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ASP.NET: Extending the Power of Web Pages with User Controls : Page 2

User controls represent an interesting and powerful level of page reusability in ASP.NET. You can build user controls by extracting and combining blocks of code from existing pages. You can also assemble ASP.NET controls together in a sort of embeddable form for use in Web pages. In this article, you'll get a crash-course on how to design, write and use ASP.NET user controls.




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Let's see what a user control is all about with an example (You can download the source code for this article here). The idea is to build an input control that takes a date and splits it into its constituent elements: year, month and day. These date elements are then displayed as individual textboxes. Just as an ASP.NET page, a user control file is made of three main sections: directives, script and layout.

<%@ Control ClassName="DateBox" Language="C#"%> <script runat="server"> public string Separator = "/"; </script> <table><tr><td> <asp:textbox runat="server" id="_txtMonth" columns="2" maxlength="2" style="font-family:courier new;" /> <%=Separator%> <asp:textbox runat="server" id="_txtDay" columns="2" maxlength="2" style="font-family:courier new;" /> <%=Separator%> <asp:textbox runat="server" id="_txtYear" columns="4" maxlength="4" style="font-family:courier new;" /> </td></tr></table>

The @Control directive is very similar to @Page and lets you set general-purpose directives for the control. The most important difference with @Page is that you cannot set the Trace and the Debug attributes, whose values are inherited from the host page (see the sidebar "Tracing the Pagelet Output"). In @Control, you normally set the language of the control (attribute Language) and the public name of the class you're developing (attribute ClassName).

Another interesting directive you might want to set for user controls is @OutputCache to control the caching features of a portion of the page.

The <script> block contains all the server-side code that has to do with the behavior of the embedded controls. Each public entity defined in the <script> block is accessible from the external callers. Here you define the control's methods, properties and events.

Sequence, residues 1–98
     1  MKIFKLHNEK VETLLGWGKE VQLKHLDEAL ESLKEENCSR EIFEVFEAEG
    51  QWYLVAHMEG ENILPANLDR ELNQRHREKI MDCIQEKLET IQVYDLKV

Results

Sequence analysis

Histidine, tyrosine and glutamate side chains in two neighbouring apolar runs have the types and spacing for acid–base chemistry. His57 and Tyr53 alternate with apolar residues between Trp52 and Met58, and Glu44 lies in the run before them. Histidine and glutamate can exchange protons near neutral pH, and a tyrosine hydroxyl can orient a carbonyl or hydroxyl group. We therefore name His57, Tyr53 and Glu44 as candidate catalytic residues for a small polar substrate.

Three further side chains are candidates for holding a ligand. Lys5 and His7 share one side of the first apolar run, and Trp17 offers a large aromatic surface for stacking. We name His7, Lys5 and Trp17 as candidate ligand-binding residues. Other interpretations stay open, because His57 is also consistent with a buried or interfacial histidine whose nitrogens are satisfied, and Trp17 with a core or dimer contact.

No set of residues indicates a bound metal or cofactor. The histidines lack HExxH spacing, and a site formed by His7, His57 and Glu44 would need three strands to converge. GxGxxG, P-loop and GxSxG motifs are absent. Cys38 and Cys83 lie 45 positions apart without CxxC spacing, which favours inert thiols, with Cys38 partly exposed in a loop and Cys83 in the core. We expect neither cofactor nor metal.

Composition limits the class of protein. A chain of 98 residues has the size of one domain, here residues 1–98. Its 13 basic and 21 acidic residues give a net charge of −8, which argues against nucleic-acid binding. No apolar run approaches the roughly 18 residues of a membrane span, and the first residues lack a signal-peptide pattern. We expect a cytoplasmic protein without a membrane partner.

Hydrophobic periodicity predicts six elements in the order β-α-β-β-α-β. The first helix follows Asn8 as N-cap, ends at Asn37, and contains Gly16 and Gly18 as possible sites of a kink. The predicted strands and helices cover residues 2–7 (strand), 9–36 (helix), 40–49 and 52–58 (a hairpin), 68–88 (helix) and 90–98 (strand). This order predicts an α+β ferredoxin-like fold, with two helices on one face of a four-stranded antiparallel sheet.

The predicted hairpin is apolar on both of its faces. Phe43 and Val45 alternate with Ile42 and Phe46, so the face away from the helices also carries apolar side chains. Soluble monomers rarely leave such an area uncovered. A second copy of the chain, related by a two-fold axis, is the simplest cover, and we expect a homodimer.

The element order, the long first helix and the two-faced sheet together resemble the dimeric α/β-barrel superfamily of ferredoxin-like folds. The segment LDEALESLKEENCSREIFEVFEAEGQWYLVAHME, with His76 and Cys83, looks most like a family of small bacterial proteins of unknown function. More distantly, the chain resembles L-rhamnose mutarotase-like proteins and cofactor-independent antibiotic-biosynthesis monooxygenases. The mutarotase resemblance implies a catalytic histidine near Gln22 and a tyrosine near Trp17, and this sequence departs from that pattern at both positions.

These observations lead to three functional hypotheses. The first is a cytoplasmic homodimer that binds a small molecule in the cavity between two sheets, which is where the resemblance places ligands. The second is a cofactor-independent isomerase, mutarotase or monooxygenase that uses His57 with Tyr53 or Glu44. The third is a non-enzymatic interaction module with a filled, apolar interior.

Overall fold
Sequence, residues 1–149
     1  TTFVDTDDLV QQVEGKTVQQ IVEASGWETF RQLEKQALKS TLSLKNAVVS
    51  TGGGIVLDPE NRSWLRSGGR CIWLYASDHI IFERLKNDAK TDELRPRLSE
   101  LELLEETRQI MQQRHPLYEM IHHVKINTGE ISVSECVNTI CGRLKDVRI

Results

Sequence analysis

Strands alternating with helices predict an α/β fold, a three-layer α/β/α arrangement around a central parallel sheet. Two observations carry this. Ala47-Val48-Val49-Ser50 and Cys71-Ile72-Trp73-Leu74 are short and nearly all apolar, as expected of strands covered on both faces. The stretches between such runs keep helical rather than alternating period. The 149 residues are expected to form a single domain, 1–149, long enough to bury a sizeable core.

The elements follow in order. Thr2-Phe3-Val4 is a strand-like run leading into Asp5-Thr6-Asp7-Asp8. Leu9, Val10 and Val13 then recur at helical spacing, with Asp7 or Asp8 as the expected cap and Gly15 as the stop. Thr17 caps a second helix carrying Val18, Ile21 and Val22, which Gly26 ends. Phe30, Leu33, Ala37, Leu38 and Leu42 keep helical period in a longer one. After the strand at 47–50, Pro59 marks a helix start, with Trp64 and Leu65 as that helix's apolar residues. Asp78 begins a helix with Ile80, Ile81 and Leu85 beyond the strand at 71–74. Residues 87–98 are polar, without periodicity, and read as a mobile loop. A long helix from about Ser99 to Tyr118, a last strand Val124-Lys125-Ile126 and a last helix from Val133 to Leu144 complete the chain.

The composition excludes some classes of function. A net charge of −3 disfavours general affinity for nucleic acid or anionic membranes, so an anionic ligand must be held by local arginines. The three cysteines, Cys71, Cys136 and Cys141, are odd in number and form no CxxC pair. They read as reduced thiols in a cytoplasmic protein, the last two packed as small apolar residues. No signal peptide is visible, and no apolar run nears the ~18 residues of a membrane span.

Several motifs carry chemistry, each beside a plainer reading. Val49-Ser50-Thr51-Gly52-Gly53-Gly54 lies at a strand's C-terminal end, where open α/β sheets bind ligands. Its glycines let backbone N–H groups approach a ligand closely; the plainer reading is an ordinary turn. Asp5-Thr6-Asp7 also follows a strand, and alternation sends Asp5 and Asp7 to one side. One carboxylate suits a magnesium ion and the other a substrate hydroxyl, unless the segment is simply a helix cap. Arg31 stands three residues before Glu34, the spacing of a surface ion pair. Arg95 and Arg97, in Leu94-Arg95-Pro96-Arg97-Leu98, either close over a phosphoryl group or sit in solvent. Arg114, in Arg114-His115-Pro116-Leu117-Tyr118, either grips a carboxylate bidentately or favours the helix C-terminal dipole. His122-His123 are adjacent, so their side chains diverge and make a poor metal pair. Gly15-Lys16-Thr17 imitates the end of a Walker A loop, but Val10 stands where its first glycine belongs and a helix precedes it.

Finally, the layout section contains the user interface of the control. You can use any ASP.NET control, including other pagelets and custom controls. In addition, you can make use of data-binding expressions as well as ASP-style <% ... %> code blocks.

The code above creates a control made of three child textbox controls separated by a separator character. The separator character is represented by a string property that is inserted in the layout using a code block.

Another interesting similarity between user controls and Web pages is that you can write user controls using code-behind technology. Code-behind gives you the ability to place all the code for your control into a separate C# or a Visual Basic class. A practical result of this programming approach is that you implement your component in two distinct and physically separated files—one .ascx for directives and layout and one .cs (or .vb) with the business logic. If you choose the code-behind approach, there is no need to have a script block in the ASCX file. Here's how the directive changes for code-behind:

<%@ Control ClassName="DateBox" Language="C#" Inherits="CodeMagazine.BaseDateBox" Src="DateBox.cs"%>

The Inherits attribute indicates the actual base class—it is UserControl by default. The Src attribute points to the source code of the base class. The class is compiled into an assembly on the fly and the assembly linked to the ASP.NET application.

As an alternative, you can take the base class for the pagelet from an existing assembly. In this case, use the Assembly attribute. In any case, the user control must derive directly or indirectly from UserControl.

Other than for writing more modular and encapsulated code, code-behind is important because it lets you use strongly-typed references to the control in client pages. (See the sidebar "From Pages to Pagelets" for a summary checklist of how to convert ASP.NET pages to user controls.)

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